Sony and Samsung Tell Retailers to Chill Out with HDTV Discounts

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yammerpickle2

Sony used to stand for quality and value. Then Sony stood for quality even if you had to pay a bit more. I can honestly say that I still look at Sony products, but consistently for the last several years have found that the quality has not really been there. They are being outperformed by competitors in both quality and value. It appears to me now that buying Sony is paying just for the name and bloated executives who do not care about their customers, but only their pocket books. This latest pricing policy just shows that they have lost the competitive edge. I bet Sony and Samsung hope they both keep to this policy. In the mean time I hope that the lovely Panasonic plasma sets eat up market share and give Sony another money losing year. Maybe then they will wake up and realize that consumers want value and quality and not some bloated brand that is living in a decades old past.

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TechLarry

Aka MAP (Minimum Advertised Pricing). Sony does it. Apple does it. Samsung does it, a lot of MFR's do it.

It's barely legal price fixing IMHO and it should be illegal dammit.

The way they force the retailers to heed to it is by threatening to take away soft-dollars (advertising funds, promotions, special pricing, etc...). It's also kinda funny how stuff can become "low on stock" when you order it and haven't been heeding the MAP pricing.

Some will even remove brand reseller authorizations for not heeding the MAP rules.

It hurts consumers, keeps prices artificially high, and it's about GD time Congress looked into this.

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PhuxAche

Why should Sony and Samsung care? After all, they get their money when they sell stock to retailers. After that, it's up to retailers to sell as they please and at what price.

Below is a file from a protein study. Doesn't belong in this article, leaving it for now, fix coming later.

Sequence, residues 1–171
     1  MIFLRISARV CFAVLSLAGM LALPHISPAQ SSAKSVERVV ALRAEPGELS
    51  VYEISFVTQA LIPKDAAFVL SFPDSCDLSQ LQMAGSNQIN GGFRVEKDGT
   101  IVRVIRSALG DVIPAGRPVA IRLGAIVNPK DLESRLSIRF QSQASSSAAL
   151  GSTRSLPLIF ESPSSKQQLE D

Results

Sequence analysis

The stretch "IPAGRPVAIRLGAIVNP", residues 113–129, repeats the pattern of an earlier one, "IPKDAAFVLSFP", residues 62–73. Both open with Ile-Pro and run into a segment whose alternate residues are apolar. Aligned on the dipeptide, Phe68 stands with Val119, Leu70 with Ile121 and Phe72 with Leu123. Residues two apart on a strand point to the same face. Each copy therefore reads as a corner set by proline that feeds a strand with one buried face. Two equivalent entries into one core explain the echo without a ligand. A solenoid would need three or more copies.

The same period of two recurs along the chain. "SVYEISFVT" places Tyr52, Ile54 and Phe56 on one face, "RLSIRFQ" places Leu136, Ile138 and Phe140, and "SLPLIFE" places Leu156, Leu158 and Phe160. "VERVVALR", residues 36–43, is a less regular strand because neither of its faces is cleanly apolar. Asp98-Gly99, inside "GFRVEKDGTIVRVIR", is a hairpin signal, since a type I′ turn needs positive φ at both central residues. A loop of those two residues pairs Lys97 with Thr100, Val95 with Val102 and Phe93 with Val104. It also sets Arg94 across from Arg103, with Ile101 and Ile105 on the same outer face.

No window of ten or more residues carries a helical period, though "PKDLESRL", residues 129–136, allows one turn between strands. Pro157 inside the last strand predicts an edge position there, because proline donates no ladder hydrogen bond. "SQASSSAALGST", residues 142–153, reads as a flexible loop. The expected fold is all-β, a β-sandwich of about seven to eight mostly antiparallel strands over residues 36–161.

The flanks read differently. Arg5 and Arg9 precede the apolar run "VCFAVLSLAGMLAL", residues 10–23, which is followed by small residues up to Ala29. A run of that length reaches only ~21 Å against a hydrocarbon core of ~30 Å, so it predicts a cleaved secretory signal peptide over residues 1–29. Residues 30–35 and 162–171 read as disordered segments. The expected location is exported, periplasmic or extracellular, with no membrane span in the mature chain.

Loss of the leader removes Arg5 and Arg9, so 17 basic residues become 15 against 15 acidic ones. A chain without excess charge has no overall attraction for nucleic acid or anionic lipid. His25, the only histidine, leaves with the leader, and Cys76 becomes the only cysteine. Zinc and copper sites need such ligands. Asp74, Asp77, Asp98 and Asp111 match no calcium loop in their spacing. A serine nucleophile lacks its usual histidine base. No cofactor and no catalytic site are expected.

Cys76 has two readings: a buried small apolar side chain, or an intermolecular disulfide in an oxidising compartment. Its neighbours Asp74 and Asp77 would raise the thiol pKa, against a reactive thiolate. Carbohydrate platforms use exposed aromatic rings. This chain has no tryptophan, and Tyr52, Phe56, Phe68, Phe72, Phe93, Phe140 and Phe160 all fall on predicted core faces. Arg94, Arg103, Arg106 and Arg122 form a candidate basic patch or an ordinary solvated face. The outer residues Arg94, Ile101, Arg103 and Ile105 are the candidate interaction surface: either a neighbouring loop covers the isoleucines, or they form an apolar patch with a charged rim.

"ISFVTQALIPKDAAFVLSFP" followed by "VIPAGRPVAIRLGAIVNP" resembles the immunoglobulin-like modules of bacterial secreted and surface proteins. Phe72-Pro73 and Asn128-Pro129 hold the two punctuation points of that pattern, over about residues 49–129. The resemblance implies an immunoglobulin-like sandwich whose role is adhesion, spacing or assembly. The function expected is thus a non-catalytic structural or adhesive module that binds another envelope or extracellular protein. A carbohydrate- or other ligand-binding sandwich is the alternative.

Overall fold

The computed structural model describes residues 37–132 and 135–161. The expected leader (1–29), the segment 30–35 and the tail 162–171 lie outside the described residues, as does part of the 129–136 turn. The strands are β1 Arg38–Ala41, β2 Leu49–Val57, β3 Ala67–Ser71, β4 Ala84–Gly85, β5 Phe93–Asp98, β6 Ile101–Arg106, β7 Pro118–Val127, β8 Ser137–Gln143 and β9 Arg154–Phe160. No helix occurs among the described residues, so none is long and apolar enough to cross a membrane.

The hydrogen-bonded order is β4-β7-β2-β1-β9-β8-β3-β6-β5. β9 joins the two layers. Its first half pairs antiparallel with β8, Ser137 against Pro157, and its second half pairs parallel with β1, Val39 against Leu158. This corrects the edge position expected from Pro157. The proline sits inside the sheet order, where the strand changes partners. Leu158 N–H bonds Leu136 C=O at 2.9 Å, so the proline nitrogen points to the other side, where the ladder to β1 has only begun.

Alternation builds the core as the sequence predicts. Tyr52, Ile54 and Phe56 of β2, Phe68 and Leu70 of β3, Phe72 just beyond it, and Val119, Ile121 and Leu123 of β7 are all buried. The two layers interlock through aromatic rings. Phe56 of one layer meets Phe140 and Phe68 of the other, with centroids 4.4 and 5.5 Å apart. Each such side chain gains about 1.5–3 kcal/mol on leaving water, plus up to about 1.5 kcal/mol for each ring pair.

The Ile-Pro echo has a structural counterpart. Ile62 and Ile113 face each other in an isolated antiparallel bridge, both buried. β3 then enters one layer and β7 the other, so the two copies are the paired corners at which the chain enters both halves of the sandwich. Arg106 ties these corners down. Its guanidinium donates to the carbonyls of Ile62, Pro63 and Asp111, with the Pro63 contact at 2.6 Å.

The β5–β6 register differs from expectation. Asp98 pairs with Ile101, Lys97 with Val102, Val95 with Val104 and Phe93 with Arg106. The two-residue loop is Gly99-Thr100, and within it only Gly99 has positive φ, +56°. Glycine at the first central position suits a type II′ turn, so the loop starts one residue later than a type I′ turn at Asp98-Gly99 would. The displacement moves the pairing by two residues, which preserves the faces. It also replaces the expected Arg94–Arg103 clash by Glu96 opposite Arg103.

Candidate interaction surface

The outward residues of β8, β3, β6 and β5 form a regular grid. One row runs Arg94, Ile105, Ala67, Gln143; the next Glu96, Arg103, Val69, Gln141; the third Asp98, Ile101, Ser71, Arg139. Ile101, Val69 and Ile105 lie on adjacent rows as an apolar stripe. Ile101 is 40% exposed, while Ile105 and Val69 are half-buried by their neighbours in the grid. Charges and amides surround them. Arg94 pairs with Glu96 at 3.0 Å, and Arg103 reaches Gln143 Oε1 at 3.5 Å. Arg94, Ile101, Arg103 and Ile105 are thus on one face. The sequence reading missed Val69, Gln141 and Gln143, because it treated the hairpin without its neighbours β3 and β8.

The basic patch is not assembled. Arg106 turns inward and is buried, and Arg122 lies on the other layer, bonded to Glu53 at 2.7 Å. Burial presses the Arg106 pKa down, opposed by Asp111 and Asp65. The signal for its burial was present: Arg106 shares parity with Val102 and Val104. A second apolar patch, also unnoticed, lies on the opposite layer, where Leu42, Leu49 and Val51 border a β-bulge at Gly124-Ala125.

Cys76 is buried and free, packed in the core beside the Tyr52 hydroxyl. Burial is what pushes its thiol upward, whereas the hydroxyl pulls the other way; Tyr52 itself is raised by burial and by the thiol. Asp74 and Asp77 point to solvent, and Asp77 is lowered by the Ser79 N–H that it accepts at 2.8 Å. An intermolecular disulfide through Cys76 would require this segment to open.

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maverick knight

Part of it is company image or perspective. Selling a Sony TV under its value is depreciation. If retailers keep doing that there will be a point where the consumer will expect the lower price forcing Sony to meet that demand.

Sony and Samsung TVs are among the best right now.

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Valor958

I'm not so sure I'd lump Sony in with the 'best TV' label. Sony, from my experience, has always been overpriced and undervalued for what you get. You're buying the name. People I've spoken with who've been Sony buyers for life will even openly complain about redshift issues the Sony has never fixed with several tv line-ups. Their LCD tv aren't really that great either. They're competitive for performance, but with higher price it comes down to expecting more since it costs more.
Samsung I do believe to be better than Sony, with LG right up there for LCD tv performance. Plasma, I'd get Samsung or Panasonic.
Since there's still, for some reason, no industry standard on measuring contast ratio, you get sets labeled with a 1million:1 contast ratio and others with a 100,000:1. With the average consumer still being a dolt and not using the interwebz properly... bigger number = better... right? NO.
Maybe I'm harsh, but I don't plan on buying anything from Sony that isn't a clear cut ahead of the rest since you'll pay more just for the brand. Kind of like Bose... meh.

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TechLarry

I agree. Sony USED to be a great TV and electronics company. Now, you can find better, less expensive stuff out there.

They are pricing based on their name, not by the true value of the products.

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tony2tonez

Too bad for them, their TV's suck a$$. Pansonic Plasma TV is where its at. Even their 1st generation 55" TV sell for about $1200 and still kick the crap out of Sony and Samsung in terms of picture quality, color, and viewing angles.

There was actually a article about this posted on Yahoo beginning of April, saying that if you wanted to get a TV to do it soon because Manufacturer's were about to make these kinds of changes. I dont remember 'which manufacturer's', but it was mentioned.

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j_j_montez

I'm with you on that. I picked up a 50" Panasonic plasma for $500. I love it. 600Hz means no streaking, unlike the $1000 lcds I just saw at the store yesterday. I only wish they had it in a matte finish, instead of a glossy.

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Valor958

Plasma is 'better' than LCD for most applications, but not good for a lot of consumers. Early models had burn in issues and you won't really find them under a 40", which is too big for a lot of people. The screen glare made them bad for bright areas, or rooms that had light shining where the TV would be. Some of these issues have been fixed for the quality TVs, and I definitely would put Panasonic on the top of my list for a plasma.